Democratic challenger Eric Oemig is going to have a tough time attacking state Sen. Bill Finkbeiner for voting against popular legislation during the 2006 session… because so far, Finkbeiner hasn’t cast a single “no” vote.
Truth is, Finkbeiner hasn’t really cast many votes at all. Of the 35 bills that have come to the Senate floor thus far, Finkbeiner has missed 15 of them, for a lackluster 57 percent attendance record. I guess he wasn’t kidding when he resigned his post as minority leader, saying he wanted to spend more time with his family.
Finkbeiner was widely praised for boldly breaking with the Republican party line (and his own prior voting record) by casting the deciding vote in favor of landmark gay civil rights legislation, but he has been decidedly less decisive the rest of the session. Of the 19 other bills he bothered to vote on — all of them “yes” votes — 13 were passed unanimously, and three more with only 1 or 2 nays.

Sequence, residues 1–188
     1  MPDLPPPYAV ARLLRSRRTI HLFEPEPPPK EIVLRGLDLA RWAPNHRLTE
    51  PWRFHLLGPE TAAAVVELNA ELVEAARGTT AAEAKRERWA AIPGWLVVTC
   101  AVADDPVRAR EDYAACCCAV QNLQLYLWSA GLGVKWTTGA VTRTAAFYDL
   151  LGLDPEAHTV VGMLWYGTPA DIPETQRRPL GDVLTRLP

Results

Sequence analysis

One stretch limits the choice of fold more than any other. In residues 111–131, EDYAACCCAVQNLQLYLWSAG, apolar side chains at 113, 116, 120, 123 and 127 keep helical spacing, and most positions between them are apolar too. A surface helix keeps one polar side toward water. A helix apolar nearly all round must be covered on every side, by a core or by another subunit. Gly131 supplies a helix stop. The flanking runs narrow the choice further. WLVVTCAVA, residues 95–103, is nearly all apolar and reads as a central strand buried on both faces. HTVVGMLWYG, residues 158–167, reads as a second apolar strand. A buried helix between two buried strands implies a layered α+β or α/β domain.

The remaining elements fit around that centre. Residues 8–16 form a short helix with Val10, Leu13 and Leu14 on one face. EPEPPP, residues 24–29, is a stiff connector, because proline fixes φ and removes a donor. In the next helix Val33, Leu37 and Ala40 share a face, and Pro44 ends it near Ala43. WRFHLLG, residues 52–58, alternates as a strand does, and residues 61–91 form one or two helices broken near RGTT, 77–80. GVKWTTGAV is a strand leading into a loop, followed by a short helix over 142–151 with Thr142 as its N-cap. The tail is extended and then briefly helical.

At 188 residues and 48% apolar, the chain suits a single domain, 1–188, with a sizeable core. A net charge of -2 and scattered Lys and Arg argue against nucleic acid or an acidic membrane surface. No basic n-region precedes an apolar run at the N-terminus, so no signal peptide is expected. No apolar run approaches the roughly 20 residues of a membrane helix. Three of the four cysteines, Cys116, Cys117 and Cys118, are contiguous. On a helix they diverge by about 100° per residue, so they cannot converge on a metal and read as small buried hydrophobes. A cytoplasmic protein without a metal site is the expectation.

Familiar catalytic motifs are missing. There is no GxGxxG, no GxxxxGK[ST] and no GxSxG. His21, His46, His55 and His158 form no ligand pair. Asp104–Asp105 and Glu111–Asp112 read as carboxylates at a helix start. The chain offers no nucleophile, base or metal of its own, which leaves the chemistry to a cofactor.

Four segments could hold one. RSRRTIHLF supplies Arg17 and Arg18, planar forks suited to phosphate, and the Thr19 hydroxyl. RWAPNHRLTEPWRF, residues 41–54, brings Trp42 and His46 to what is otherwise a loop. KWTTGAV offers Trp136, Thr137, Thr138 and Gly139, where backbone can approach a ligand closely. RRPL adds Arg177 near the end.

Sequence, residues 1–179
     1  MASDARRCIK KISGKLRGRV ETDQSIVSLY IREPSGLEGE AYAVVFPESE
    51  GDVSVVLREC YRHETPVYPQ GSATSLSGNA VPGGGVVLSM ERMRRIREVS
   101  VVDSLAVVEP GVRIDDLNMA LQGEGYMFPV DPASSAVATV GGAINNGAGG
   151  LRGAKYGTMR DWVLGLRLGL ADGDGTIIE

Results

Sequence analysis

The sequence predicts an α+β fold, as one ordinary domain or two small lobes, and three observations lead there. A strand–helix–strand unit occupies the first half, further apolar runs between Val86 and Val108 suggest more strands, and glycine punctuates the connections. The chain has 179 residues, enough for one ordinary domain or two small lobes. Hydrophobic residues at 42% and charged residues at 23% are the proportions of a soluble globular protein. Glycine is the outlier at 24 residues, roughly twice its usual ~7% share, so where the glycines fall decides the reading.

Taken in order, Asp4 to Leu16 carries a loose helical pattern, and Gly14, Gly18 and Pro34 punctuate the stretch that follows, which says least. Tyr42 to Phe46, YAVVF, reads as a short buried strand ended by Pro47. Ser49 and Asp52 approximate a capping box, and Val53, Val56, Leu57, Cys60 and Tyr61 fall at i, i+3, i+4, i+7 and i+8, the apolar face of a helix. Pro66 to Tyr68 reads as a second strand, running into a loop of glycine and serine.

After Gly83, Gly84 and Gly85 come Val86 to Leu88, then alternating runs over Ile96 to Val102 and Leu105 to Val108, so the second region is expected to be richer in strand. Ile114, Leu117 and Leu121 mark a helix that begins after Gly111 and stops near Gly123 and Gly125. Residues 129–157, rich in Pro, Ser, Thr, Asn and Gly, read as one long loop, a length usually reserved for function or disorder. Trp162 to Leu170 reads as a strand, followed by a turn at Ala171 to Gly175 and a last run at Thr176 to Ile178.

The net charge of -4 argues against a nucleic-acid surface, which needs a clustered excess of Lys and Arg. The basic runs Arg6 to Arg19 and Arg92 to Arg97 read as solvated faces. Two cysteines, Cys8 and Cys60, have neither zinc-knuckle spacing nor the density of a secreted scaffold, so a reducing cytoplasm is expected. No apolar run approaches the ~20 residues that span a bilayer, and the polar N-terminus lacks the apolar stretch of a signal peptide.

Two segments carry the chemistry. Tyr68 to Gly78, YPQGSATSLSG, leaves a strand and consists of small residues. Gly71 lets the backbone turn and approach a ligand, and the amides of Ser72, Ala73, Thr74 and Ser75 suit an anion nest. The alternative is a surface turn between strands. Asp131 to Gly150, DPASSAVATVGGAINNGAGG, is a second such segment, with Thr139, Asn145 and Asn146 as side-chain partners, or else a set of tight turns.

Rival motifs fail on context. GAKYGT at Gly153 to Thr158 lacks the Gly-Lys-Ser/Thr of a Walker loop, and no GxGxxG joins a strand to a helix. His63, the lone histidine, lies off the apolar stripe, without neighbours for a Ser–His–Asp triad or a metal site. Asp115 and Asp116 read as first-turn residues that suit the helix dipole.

Indeed, apart from the anti-discrimination bill, the only bill Finkbeiner voted on that could remotely be considered close was Senate Joint Memorial 8039, which passed 27 to 21, and requests that Congress make changes to Medicare Part D. But I suppose that’s not even really a bill.
Finkbeiner may have voted his heart on the controversial anti-discimination bill, but he also voted the sentiments of his district. Other than that one vote he’s apparently decided to avoid making any tough decisions that may come back to bite him during what is sure to be a tough election challenge.
But don’t worry Eric. If want you want to use Finkbeiner’s voting record against him, all you have to do is look back to 2005.